Tribal Park Cleanup

Community effort fosters respect for the land & each other

By Odette Auger

In one day, 4010 kilograms of garbage were hauled out of the back roads by thirty volunteers.

Hiking the back roads of Tla-o-qui-aht ḥaḥuułiʔakʔi (territory, pronounced Ha-houl-thee) in May, the forest floor is alive with wild ginger buds, and spring beauty is lighting the undergrowth. The sound of water is everywhere —from quiet pools with drips from cedar branches to rushing streams. It reminds you of the larger scope of a watershed, and of Tla-o-qui-aht wisdom — “everything is one.” It’s a surprise to see thousands of kilograms of garbage left in the salal.

On Saturday May 28, Redd Fish staff set up a tent at the Ucluelet-Tofino junction on Highway 4. Volunteers met for coffee and snacks by Zoe’s Bakery, and headed out to the main backroad with gloves and garbage bags. In one day, 4010 kilograms of garbage were hauled out of the back roads by thirty volunteers. The cleanup is catered by Ucluelet restaurants to show appreciation (this year by Flaka’s Tacos). Locals have gathered annually since 1995 for the Ha’uukmin Tribal Park Backroads Cleanup. It’s essential, as the backroads are littered with garbage – truckloads. Redd Fish Restoration Society (Redd Fish) coordinates the Tla-o-qui-aht Tribal Parks sponsored event, and Alberni-Clayoquot Regional District waives the garbage dump fee.

“There is no ‘middle of nowhere’ in Indigenous lands,” explains Tla-o-qui-aht Tribal Park Guardian Gisele Maria Martin. “These backroads are in Nuu-chah-nulth ancestral gardens, which have been cared for over many, many generations.” Tla-o-qui-aht Tribal Parks, in the ḥaḥuułiʔakʔi (territory) of the Tla-o-qui-aht Hawiih (hereditary chiefs), “is but one expression of the care and reciprocity to the lands, waters, and biodiversity which continue to provide Tla-o-qui-aht Nation with home, culture, canoes, language, songs, identity, food, water, air, and life.” In her thank-you to the volunteers, Martin also noted this joint effort protects precious local salmon habitat.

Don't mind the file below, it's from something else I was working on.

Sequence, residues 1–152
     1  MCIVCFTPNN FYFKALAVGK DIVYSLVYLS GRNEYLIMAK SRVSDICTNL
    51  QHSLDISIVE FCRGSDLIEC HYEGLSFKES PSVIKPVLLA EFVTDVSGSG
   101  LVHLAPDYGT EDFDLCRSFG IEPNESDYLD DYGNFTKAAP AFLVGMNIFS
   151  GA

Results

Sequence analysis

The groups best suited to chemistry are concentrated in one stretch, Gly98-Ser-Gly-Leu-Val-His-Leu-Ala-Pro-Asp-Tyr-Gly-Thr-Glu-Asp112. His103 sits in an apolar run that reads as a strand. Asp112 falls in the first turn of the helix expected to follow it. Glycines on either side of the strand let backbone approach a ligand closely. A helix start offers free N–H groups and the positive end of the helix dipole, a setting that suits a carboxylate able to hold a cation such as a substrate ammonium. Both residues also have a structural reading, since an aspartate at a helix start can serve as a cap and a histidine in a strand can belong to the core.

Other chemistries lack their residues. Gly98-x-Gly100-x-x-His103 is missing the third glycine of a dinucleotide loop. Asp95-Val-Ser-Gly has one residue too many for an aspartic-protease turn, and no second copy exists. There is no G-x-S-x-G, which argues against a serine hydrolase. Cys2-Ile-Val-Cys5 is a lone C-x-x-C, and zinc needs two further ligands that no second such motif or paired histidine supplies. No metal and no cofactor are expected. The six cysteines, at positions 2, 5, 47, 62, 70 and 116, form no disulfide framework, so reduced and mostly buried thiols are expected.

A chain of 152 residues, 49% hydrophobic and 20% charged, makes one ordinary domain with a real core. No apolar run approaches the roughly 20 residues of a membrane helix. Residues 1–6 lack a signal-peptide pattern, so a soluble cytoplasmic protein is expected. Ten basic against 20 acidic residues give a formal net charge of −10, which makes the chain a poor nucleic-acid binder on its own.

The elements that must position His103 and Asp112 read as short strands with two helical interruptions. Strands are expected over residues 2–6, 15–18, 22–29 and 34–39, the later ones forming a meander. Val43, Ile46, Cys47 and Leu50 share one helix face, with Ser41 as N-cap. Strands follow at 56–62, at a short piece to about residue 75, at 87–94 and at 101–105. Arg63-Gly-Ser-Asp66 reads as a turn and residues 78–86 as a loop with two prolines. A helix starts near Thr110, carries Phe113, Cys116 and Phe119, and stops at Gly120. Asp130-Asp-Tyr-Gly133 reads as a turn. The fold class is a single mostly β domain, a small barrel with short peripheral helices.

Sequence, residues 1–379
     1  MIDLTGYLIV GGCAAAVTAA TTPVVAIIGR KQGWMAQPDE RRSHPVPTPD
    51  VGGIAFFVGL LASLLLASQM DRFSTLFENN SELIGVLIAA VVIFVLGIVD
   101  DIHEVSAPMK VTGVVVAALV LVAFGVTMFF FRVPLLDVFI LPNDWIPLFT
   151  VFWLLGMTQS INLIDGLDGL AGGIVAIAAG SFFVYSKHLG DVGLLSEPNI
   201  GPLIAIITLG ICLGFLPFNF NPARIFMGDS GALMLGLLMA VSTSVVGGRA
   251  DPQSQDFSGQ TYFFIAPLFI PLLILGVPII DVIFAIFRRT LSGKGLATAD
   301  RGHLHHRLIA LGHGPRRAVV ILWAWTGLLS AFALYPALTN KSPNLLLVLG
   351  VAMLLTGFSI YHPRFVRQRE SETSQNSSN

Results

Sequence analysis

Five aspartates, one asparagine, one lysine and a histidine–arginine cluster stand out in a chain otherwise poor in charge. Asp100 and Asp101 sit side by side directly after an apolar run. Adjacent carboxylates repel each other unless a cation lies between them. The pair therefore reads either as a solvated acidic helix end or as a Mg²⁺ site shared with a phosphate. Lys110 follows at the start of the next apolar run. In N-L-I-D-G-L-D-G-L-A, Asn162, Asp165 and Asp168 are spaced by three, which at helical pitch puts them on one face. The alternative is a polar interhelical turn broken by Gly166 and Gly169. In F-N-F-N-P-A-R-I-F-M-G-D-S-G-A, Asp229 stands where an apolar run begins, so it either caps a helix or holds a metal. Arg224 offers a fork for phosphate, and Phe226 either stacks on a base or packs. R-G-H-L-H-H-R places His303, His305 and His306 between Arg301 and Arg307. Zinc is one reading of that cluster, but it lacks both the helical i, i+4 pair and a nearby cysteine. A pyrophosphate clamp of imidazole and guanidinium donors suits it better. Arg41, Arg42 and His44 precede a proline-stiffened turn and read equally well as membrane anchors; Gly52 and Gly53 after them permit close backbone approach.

“There’s people coming in, not knowing how to backroads camp, or knowing but leaving stuff behind – so we go in and clean it up, to mitigate human-wildlife interaction problems and so that it’s not polluting the local watershed.”

Redd Fish staff explain the importance of pristine watersheds. At this time of year, juvenile salmon have almost all emerged from their gravel nests (known as redds), sucked up their yolk sacs, and are now rearing in rivers and small streams up and down the Pacific Northwest. Some species stay much longer in local rivers – Chinook and coho can spend several months to years rearing in the freshwater.

Sarita Mielke, communications coordinator for Redd Fish, says backroads camping has been going on for many years and if it’s done in a respectful way, it doesn’t leave a lot of impact. “But, there’s people coming in, not knowing how to backroads camp, or knowing but leaving stuff behind. It creates a lot of issues for the land and the watershed there – so we go in and clean it up, to mitigate human-wildlife interaction problems and so that it’s not polluting the local watershed.”

The pandemic saw a rise in the amount of people camping out in the backroads, leading to a jump in the amount of debris left behind. Simone Levesque of Redd Fish explains, “Last year Tla-o-qui-aht Nation spearheaded shutting down the back roads because it just was too overwhelming. There were so many campers and there was so much devastation. There were people starting fires during the wildfire season – things were getting really out of control.”

The organization uses a holistic approach to ecosystem recovery. All factors must be considered to effectively accelerate the recovery of damaged watersheds and threatened or endangered species. The redd, or salmon nest, symbolizes this concept. It is a critical indicator of the health of our oceans, forests, and streams, and illustrates the connectivity that exists between each.

Another Redd Fish staffer, Mara McLaughlin explains, “We try to tie [together] all these aspects of restoring a watershed, including the slopes, the riparian forest instream, and it all is tying back towards protecting these salmon nests.” The salmon in turn also help feed the forest, as they decompose and their nutrients get recycled.

“So we really focus on working with the community and working with the nations in this region and in particular following their priorities in our restoration work,” says McLaughlin.

The cleanup matters to locals, and “It’s a point that draws all of the communities here together,” says Levesque, with a big smile. She recalls after the backroads closure, many individuals spent time over the season cleaning up. The annual cleanup continues, “To have one day that we can come out and do it together, because you can see the faces of everybody who cares so much and it’s pretty special.”

Martin emphasized the larger scope of respecting the land, and each other. It’s important, she explains, that “this intergenerational respectful relationship continues to grow worldwide in the face of unsustainable colonialism and destructive capitalism.”

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